Tips For Cross-Cultural Communication (Vol 2)

Tips For Cross-Cultural Communication (Vol 2)
Photo by Javier Balseiro / Unsplash

Last week in my newsletter, I shared some tips on cross-culture communication from a book named Culture Map written by INSEAD professor Erin Meyer. In her book, she categories culture into 8 taxonomies.

  • Communication - Low Context vs High Context
  • Evaluating - Direct Negative Feedback vs Indirect Negative Feedback
  • Persuading - Principles First vs Application First
  • Leadership - Egalitarian vs Hierarchical
  • Who Decide - Consensual vs Top Down
  • Trust - Relationship-Based vs Task-Based
  • Disagreeing - Confrontation vs Avoid Confrontation
  • Scheduling - Linear Time vs Flexible Time

If you are interested in the first 3 culture taxonomies and the tips, feel free to read my newsletter for the previous week.

Last Week Newsletter on Cross-Culture Communication Vol 1: LINK

While I am reading this book, serval scenarios in my current job appear on my mind. When I had an agreement with my manager. I also feel my manager is direct and uses very assertive phrases when discussing an issue.

Now I had more reflection on cultural differences and I believe it is just a difference in how we show disagreement, she is more on a direct confrontation while my colleagues are more on the avoid confrontation side.

Hoping this story and tips can help you understand people from different cultural backgrounds and use the tips in real-life.

And before we continue I want to stress a point, everyone is different and we shouldn’t assume we can determine how other people think and behave from what we know about their cultural background. Even we disagree with the culture map, what important is to start exploring and discussing the differences in value system and work methods.

🔥Leadership & Power - Egalitarian vs Hierarchical

It is pretty straightforward to explain the difference between egalitarian and hierarchical leadership. But we also notice even in countries in Europe, spectrum spread very wild from Scandinavian in the far left to France, Poland and Italy located towards hierarchical.

✍🏻 Tips to work in hierarchy environment (when you are the boss)

  • To make people comfortable to share ideas, we can ask the team to meet without the boss in order to brainstorm as a group—and then report the group’s ideas back.
  • If you do e-mail co-worker at a lower hierarchical level than your own, copy the boss.
  • Invite people to speak up. Even if team members have prepared well and are ready to share their ideas, they may not volunteer unless you call on them individually.

🚗 Tips to work in egalitarian environment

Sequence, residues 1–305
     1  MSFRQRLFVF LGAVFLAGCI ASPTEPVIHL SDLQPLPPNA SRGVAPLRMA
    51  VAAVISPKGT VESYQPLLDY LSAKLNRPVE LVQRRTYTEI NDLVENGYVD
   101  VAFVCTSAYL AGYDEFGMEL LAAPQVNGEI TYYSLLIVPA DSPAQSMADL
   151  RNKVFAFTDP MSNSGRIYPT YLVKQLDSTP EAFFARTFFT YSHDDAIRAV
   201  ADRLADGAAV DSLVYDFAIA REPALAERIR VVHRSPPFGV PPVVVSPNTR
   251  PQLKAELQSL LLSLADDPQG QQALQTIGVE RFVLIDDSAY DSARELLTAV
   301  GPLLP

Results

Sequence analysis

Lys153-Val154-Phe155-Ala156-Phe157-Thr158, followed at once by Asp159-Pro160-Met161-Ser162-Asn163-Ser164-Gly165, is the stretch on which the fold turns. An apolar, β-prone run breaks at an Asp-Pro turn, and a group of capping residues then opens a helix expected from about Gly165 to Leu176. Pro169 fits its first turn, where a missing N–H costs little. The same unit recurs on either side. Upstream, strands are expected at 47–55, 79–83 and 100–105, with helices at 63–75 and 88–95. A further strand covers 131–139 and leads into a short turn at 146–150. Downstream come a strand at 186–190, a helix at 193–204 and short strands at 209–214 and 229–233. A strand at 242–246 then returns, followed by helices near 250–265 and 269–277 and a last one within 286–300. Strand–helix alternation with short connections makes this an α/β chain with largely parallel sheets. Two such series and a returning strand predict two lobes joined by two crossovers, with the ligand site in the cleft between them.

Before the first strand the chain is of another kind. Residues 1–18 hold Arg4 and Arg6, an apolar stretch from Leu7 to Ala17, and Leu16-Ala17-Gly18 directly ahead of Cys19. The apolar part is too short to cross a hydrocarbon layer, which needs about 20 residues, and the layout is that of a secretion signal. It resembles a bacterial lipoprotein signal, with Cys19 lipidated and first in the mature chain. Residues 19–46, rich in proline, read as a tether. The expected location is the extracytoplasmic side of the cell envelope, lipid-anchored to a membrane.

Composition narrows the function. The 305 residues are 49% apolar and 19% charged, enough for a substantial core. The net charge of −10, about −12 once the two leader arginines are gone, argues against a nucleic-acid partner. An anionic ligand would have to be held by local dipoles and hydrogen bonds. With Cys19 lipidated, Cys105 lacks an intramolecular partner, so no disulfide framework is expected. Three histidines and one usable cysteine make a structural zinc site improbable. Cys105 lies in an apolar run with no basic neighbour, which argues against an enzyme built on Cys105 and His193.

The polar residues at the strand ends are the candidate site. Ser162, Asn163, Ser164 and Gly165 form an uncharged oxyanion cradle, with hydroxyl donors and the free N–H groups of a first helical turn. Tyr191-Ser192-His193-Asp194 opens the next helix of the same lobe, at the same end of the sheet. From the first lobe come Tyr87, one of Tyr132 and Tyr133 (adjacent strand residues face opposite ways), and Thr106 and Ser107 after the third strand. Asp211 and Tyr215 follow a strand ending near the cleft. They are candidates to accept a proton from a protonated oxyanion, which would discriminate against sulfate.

• Think twice before copying the boss. Doing it could suggest to the recipient that you don’t trust them or are trying to get them in trouble.
  • Introduce management by objectives, starting by speaking about the department’s vision for the coming year and then asking them to propose their personal objectives.

⚡️ Who Decide and How - Consensual vs Top Down

🏎Speed and Flexibility

In a consensual system, the decision making might take quite a long time since everyone is consulted, but once the decision has been made, the implementation is rapid, since everyone is consulted with the decision.

While in a top-down culture, decisions tend to be made quickly, early in the process, by one person (likely the boss). But each decision is also flexible. As more discussions occur, new information arises, or differing opinions surface, decisions may be easily revisited or altered.

🇯🇵 Japan Ringi System (How traditional companies make decisions)

Traditional Japanese companies used a unique deciding system called the ringi system which low-level managers discuss a new idea among themselves and come to a consensus before presenting it to higher managers. The higher-ranking managers then discuss the new idea themselves and arrive at their own consensus.

💡 Disagreeing - Confrontation vs Avoid Confrontation

🆘How to work with global teams to disagree agreeably

  • If you are the boss, avoid giving any opinion first
  • Encourage debate by adjusting your language, such as avoiding upgraders (phrases like “absolutely”, “totally” or “completely”) and employing downgraders when expressing disagreement (phrases like Maybe we could think about this slightly differently...perhaps... what do you think”)
  • After a presentation, instead of asking for opinions and inputs. Asked everybody to write down their opinions and reactions on a post-it and during the break. Post the notes on the mainboard and then as a group arrange it into different sets and discuss.

Hope you find this interesting and helpful.

Have a great week !


❤️ My Favourite Things

🥘 Cafe - 慢理牆城 Wall is East. A cafe in Yau Ma Tei located inside a boutique hotel. It is hard to find a cafe with nice interior, excellent service and reasonable price. But this cafe has done well in all 3. Recommend to try their linguine with Mentaiko and crab meat and risotto.

🍻 Guilty Pleasures - Dockyard in Kerry Hotel. WFH could be quite unmotivated from time to time, when I am not in a good mood for work, I will go to Dockyard in Kerry Hotel, a bar & food court, next to my apartment. Ordering a pint of beer and fish and chips while working on the task I don’t want to work on. It is located on the harbourfront and the view is amazing.

✍🏻 Quote of the week

What good poker players and good decision-makers have in common is their comfort with the world being an uncertain and unpredictable place.

From From Think in Bets By Annie Duke

Resurfaced using Readwise.